The Biden administration on Wednesday announced a slew of policy maneuvers meant to expand the supply of affordable homes amid a record-breaking rally in housing prices.
The White House said Wednesday that the Department of Housing and Urban Development (HUD), the Treasury Department, and Federal Housing Finance Agency (FHFA) would expand and reimpose several incentives and grants for the construction of roughly 100,000 additional homes over the next three years.
The administration is also seeking to limit the amount of new homes bought by investors and asset managers by expanding exclusive purchasing windows for individuals, families and nonprofits.
“While Congress works toward passing the Build Back Better Agenda, which includes an historic investment in building new homes and making existing housing safer, healthier, and more energy efficient, the President knows that we can’t wait to take action,” the White House said in a Wednesday statement.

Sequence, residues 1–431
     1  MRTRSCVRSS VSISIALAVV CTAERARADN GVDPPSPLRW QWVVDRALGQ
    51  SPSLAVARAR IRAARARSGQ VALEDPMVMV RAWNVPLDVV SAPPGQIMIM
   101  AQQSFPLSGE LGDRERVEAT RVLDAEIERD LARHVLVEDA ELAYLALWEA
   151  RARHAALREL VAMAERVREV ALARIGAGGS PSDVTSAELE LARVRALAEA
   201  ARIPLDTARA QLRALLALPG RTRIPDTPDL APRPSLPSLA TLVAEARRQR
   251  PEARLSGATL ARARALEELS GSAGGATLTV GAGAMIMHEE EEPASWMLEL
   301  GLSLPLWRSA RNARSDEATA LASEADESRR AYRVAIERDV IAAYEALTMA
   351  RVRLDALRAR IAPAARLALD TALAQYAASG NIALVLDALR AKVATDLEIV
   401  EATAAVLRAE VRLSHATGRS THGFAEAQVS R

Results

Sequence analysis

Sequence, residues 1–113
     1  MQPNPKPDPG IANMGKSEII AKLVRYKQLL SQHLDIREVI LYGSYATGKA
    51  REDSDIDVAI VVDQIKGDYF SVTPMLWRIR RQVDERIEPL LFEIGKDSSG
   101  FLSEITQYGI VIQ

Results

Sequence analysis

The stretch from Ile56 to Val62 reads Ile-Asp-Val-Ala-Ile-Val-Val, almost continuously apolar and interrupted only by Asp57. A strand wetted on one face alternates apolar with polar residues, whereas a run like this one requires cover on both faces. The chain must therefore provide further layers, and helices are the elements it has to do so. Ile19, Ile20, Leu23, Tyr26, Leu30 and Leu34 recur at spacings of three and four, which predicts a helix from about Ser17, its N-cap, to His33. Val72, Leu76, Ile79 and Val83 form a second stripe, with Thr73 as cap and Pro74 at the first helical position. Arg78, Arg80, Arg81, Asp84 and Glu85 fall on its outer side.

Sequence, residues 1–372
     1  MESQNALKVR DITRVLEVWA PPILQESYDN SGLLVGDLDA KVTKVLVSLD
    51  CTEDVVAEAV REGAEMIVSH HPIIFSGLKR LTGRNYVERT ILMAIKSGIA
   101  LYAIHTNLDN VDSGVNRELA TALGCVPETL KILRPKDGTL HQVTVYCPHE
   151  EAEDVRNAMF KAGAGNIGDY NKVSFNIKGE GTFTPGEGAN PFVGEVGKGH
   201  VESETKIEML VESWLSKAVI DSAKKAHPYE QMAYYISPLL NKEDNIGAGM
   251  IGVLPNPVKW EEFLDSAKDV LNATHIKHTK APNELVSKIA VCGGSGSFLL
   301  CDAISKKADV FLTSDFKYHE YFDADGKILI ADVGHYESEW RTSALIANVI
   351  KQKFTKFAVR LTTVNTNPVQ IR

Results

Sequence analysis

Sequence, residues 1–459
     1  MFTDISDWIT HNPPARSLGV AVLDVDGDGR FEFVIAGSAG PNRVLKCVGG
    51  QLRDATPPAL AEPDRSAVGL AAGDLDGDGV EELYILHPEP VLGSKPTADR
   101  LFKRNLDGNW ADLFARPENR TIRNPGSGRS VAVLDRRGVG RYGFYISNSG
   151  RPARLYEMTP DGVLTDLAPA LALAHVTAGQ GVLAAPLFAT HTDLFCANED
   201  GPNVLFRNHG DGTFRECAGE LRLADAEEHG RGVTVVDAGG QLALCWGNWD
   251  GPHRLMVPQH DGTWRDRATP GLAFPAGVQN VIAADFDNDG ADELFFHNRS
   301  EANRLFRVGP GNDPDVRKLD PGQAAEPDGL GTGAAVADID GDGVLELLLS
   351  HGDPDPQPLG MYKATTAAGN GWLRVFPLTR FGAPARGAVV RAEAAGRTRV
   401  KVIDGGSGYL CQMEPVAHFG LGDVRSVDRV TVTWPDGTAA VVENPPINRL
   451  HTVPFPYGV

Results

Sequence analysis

“The large and long-standing gap between the supply and demand of affordable homes for both renters and homeowners makes it harder for families to buy their first home and drives up the cost of rent,” it added.
The onset of the coronavirus pandemic deepened a severe shortfall of affordable housing that persisted for years before the dual health and economic crises. Sale prices for new homes are up nearly 20 percent over the past 12 months as a rush of buying activity, supply shortages, and a sharp slowdown in construction fueled staggering price increases.
To help bolster the construction of affordable homes, Treasury and HUD will relaunch a risk-sharing program with state housing finance agencies to help remove some of the financial stakes of funding cheaper homes. FHFA is also increasing its quotas for the amount of homes supported by federal affordable housing tax credits, multifamily homes, and manufactured homes that Fannie Mae and Freddie Mac are required to finance.
The administration will also launch several studies and community outreach initiatives focused on government support for affordable housing and exclusionary zoning policies.
The steps announced Wednesday are meant to make a dent in the national affordable housing shortage as Biden and Democrats attempt to usher a $3.5 trillion reconciliation spending package into law. While the measure has not been finalized, the bill is expected to include tens of billions of dollars for construction of public housing, incentives for the private construction of affordable housing, and grants for scrapping zoning laws that make it difficult or impossible to build cheaper homes in compliance with lot size, height, and parking requirements.